GOP Offers Fetal Protection Bill
The House Judiciary subcommittee on the Constitution yesterday began reviewing a bill that would make it a federal crime to harm or kill a fetus during an assault on a pregnant woman, a measure abortion-rights supporters and opponents say "signal[s] the beginning of an effort to capitalize on President Bush's election" with a "coordinated campaign" to restrict abortion, the Washington Post reports (Eilperin, Washington Post, 3/16). The Unborn Victims of Violence Act (HR 503) would apply to the injury of a fetus at any stage of gestation, and to attackers who may not be aware of the pregnancy. Bill sponsor Rep. Lindsey Graham (R-S.C.) said that the legislation is intended to protect the fetus and to provide prosecutors with "an added tool to punish brutal crimes against pregnant women." But the subcommittee's ranking minority member, Rep. Jerrold Nadler (D-N.Y.), said, "The real purpose [of the bill] is to establish a doctrine, contrary to the Supreme Court decision in Roe v. Wade, that the fetus is a separate person. This is driven by the politics of abortion rather than the substantive effort to fight violence against women" (Washington Post, 3/16). In the Senate, Republicans led by Sen. Mike DeWine (Ohio) have introduced an identical bill (SB 480) (Scully, Washington Times, 3/16). The full Judiciary Committee may vote on the measure next week, and it is "widely" expected to pass the House, despite Democratic opposition (Washington Post, 3/16). If passed this session, the legislation would follow 11 states that already enforce fetal protection laws (Washington Times, 3/16).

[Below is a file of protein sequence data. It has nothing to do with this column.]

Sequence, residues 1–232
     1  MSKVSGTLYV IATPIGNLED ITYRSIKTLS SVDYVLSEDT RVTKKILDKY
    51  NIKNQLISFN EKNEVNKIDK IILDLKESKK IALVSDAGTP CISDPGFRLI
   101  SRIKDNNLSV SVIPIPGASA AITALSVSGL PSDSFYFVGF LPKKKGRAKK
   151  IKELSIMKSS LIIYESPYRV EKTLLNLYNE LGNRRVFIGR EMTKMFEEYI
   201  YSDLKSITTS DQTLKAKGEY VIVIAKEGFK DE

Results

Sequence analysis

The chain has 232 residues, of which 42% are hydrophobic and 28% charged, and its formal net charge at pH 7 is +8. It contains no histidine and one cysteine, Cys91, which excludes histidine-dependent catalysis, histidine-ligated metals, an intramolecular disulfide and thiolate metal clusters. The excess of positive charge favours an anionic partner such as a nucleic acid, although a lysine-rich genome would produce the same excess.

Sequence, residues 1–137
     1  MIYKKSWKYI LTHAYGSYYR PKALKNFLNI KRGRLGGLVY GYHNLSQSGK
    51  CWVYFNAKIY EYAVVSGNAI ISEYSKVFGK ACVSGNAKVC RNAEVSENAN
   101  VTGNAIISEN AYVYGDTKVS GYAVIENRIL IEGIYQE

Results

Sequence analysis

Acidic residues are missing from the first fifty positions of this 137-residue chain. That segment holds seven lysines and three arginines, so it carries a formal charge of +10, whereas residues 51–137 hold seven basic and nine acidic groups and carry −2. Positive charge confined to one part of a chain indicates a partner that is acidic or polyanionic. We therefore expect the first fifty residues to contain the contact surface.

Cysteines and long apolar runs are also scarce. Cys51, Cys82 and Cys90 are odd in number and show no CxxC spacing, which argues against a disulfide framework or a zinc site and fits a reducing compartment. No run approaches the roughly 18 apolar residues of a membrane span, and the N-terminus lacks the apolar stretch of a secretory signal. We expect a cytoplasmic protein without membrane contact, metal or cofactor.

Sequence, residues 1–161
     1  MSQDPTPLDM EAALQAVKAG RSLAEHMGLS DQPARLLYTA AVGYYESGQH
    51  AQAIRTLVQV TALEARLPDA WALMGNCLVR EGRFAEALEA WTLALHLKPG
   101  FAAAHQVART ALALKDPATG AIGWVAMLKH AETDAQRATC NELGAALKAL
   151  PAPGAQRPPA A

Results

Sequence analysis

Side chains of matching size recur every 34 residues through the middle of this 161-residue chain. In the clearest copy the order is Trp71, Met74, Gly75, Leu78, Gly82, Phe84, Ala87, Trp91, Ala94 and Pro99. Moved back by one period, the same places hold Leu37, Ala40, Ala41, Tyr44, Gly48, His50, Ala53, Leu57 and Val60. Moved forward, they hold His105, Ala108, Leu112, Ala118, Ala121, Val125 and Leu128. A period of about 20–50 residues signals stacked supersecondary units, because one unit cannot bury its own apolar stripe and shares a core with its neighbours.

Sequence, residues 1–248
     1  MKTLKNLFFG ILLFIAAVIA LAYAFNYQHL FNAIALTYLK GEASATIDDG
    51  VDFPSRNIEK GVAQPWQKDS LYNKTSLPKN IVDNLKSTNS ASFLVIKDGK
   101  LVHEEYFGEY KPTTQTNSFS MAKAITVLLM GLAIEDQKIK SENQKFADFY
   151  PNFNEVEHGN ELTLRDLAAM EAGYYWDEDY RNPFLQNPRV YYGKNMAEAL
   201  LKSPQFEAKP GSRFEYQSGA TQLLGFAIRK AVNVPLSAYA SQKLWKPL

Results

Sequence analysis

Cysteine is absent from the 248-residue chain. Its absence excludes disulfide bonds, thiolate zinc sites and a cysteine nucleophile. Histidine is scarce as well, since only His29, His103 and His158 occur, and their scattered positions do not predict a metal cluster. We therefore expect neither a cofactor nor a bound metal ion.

The fetal rights bills are among several upcoming measures that touch on the abortion debate, the Post reports. Antiabortion lawmakers say that "in the coming months" they will "seek to impose incremental restrictions on abortion while averting a direct confrontation over women's constitutional rights to obtain the procedure," including a restriction prohibiting anyone but a parent from transporting a minor over state lines for abortion, limitations on the administration of mifepristone and a ban on "partial-birth" abortion. Rep. Roy Blunt (R-Mo.) said, "There's some significant opportunity to complete some issues where not only members of Congress, but the majority of people in the country, are on the same side." Kate Michelman, president of the National Abortion and Reproductive Rights Action League, said, "The landscape is full of land mines now that are potentially quite lethal in terms of a woman's right to choose" (Washington Post, 3/16).This is part of the California Healthline Daily Edition, a summary of health policy coverage from major news organizations. Sign up for an email subscription.